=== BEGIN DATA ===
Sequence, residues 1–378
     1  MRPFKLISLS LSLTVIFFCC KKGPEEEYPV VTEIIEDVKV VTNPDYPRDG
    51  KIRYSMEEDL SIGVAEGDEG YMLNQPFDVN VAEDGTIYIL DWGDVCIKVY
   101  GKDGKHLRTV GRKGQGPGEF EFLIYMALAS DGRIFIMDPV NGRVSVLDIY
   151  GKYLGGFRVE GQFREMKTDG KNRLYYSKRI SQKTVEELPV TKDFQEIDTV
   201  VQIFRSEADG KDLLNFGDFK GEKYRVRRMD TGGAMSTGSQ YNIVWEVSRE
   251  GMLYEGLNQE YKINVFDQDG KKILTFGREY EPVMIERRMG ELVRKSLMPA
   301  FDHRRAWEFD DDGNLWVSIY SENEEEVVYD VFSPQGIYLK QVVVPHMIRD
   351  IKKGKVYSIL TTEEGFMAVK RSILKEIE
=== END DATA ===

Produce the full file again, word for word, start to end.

Sequence, residues 1–378
     1  MRPFKLISLS LSLTVIFFCC KKGPEEEYPV VTEIIEDVKV VTNPDYPRDG
    51  KIRYSMEEDL SIGVAEGDEG YMLNQPFDVN VAEDGTIYIL DWGDVCIKVY
   101  GKDGKHLRTV GRKGQGPGEF EFLIYMALAS DGRIFIMDPV NGRVSVLDIY
   151  GKYLGGFRVE GQFREMKTDG KNRLYYSKRI SQKTVEELPV TKDFQEIDTV
   201  VQIFRSEADG KDLLNFGDFK GEKYRVRRMD TGGAMSTGSQ YNIVWEVSRE
   251  GMLYEGLNQE YKINVFDQDG KKILTFGREY EPVMIERRMG ELVRKSLMPA
   301  FDHRRAWEFD DDGNLWVSIY SENEEEVVYD VFSPQGIYLK QVVVPHMIRD
   351  IKKGKVYSIL TTEEGFMAVK RSILKEIE